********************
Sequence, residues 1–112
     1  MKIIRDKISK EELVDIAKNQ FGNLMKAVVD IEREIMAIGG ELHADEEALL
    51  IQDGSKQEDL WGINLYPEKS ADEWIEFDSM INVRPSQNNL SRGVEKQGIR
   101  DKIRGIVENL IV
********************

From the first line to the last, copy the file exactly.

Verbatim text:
Sequence, residues 1–112
     1  MKIIRDKISK EELVDIAKNQ FGNLMKAVVD IEREIMAIGG ELHADEEALL
    51  IQDGSKQEDL WGINLYPEKS ADEWIEFDSM INVRPSQNNL SRGVEKQGIR
   101  DKIRGIVENL IV